Located in Scala square, Palazzo Marino is today the headquarters of the City of Milan. It was designed in the 16th century by the architect Galeazzo Alessi and commissioned by Tommaso Marino, who belonged to a Genoese family of bankers in business with the city of Milan. The Sala Alessi, which was restored in 2002 and was intended at the time to host large parties and receptions, contains magnificent frescoes dating back to 1568 with mythological allegories. All the gods of the ancient Greeks are depicted, with particular emphasis on those that Marino favoured: Poseidon (who was depicted on the ceiling, but is no longer visible today), Bacchus (in honour of the festivities that the room hosted) and Hermes (messenger of the gods and protector of merchants and traders, as Marino was). The Sala Alessi is today’s state room: this is where the most important press conferences are held and where Heads of State and Royalty are received. The new lighting project was motivated by the need to adapt the system to the different uses of the hall, which is now a centre for cultural events and official meetings: the basic idea was to preserve the original style of the architecture and restore an integral perception of the space, eliminating the visual clutter produced by the superimposition of extraneous elements. Three architectural lighting systems were designed with the possibility of alternative or integrated switching, to meet the different visual and maintenance requirements of each priority with different types and sources. The need to avoid direct vision of the equipment and devices for the sound and video projection systems required special attention in the search for the most suitable locations. In particular, there is the possibility of motorised, remote-controlled tilting of both the lighting fixtures set up for receptions and television filming, and the video projection screen. This project has similarities with the grand ballroom at the Quirinale Palace.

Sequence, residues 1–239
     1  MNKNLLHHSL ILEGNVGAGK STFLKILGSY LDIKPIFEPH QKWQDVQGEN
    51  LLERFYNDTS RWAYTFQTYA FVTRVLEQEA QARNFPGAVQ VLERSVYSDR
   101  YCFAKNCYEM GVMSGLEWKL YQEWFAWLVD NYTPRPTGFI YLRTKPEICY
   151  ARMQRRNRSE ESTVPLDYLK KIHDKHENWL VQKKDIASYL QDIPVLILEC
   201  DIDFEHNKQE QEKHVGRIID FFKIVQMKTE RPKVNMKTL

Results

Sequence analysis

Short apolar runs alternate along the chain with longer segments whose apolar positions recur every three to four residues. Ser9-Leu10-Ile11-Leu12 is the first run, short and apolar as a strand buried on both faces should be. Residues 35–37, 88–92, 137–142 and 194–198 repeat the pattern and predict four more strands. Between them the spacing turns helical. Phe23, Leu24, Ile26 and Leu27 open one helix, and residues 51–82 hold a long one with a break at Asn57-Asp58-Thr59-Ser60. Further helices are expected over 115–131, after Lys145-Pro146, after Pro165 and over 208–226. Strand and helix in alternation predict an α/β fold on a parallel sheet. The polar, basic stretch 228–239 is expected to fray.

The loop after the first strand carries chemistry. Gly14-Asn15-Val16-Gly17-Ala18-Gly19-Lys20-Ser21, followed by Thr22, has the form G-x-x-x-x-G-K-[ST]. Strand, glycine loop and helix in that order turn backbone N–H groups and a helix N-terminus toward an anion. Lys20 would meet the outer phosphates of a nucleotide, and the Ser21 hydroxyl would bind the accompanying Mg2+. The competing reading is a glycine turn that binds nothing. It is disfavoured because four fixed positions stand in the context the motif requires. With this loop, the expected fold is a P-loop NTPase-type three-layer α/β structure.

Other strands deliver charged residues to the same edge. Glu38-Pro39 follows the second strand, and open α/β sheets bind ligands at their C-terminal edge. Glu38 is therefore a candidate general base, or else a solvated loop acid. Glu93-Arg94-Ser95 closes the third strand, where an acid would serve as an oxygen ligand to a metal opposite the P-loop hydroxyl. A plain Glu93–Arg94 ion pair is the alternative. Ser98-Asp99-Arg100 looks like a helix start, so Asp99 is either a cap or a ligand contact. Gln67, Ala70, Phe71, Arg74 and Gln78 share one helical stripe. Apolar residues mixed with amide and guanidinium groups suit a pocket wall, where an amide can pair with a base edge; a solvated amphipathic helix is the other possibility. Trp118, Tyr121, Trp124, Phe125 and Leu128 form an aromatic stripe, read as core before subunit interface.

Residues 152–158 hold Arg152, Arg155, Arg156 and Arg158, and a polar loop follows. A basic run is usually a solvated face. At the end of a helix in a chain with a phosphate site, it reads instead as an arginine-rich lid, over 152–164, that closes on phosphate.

Orsay Museum where architecture became a big lighting device, the reflections of light bulbs with walls and ceilings create a uniform light without shadows. Groups of projectors in Grassi Palace recall a small football field. Here was born a new type of lighting device. Reflector lamps and articulated support gives life at the "Cestello". Spasa na Krovi is a perfection of Mantova project. Light beams aggregation allow the device size reduction and the dispersion light control.